Faced with the dichotomy of his moral opposition to war and an innate sense of duty to his fellow soldiers little did F. Scott Service realize when he was called for deployment in Iraq that his tour of duty was destined to change him forever. Witnessing the violence of a country ravaged by chaos and facing the disintegration of his life back home, his sojourn in Iraq forced him to fight a new battle within himself and to question everything he had come to believe. What had once been a noble intention became a struggle to salvage what was left of his humanity, an excursion into the darkest recesses of the human mind. Pushed to the edge, only then would he discover what lay within. Author F. Scott Service recounts his wartime experience within an artfully lyrical epistolary composition transcribed from the handwritten journals he kept in Iraq. Lines in the Sand: An American Soldier's Personal Journey in Iraq is a powerful exercise in self-exploration amid heartwrenching loss and anguish.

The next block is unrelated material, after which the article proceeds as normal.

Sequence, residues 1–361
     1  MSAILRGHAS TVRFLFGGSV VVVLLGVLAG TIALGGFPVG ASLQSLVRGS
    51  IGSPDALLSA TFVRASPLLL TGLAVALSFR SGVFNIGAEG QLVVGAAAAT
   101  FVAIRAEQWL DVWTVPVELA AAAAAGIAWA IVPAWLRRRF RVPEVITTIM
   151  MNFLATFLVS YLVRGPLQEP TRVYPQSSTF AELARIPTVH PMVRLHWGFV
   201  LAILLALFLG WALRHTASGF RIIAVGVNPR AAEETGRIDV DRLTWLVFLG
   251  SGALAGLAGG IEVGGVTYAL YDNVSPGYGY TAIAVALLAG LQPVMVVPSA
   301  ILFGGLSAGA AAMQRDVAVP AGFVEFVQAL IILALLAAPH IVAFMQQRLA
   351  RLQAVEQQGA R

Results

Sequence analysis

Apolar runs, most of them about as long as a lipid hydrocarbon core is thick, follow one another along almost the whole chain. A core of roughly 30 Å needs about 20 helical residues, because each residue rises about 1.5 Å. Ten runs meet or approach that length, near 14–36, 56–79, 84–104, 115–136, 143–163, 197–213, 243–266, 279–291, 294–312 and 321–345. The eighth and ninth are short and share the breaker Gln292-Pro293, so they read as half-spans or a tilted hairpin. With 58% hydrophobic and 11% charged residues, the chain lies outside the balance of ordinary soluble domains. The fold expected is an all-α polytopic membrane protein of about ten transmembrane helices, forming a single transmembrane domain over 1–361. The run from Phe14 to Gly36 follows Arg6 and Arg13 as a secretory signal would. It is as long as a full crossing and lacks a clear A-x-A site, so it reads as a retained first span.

During the 1991 Gulf War, pundits and experts scrambled unsuccessfully to explain Iraq's âeoeclaimâe to Kuwait. In a lucid and measured account of a complex historical and geographic drama that culminated in Operation Desert Storm, David Finnie elucidates the long Kuwaiti-Iraqi border dispute and lays Saddam Hussein's dubious claim to rest. He also raises larger questions about European colonialism and about the creation of new nation-states in the Middle East in the nineteenth and twentieth centuries. Finnie vividly portrays how arbitrary the drawing of frontiers can be, and how they come to serve internal, regional, and international rivalries and ambitions. This history begins in the eighteenth century, when Kuwait was first settled by nomads from the Arabian desert. Finnie describes the country's growing prosperity under a merchant oligarchy, then shows how the Kuwaitis, seeking British protection from the sprawling Ottoman Empire, came to serve England's imperial strategy. He details the ways in which Britain parlayed its mandatory control of Iraq and its protectorate over Kuwait to curb the larger nation's ambitions and to ensure Kuwait's independence under British auspices. A fresh look at British diplomatic documents reveals how Whitehall covered its tracks, heading off the Iraqis, obfuscating League of Nations proceedings, and confounding scholars and researchers down to the present day. Pursuing his story through Britain's withdrawal from the Persian Gulf and Iraq's 1963 recognition of Kuwait's boundaries, Finnie examines the U.N. post-war measures to secure the frontier in the face of Iraq's continuing pressure for better access to Gulf waters.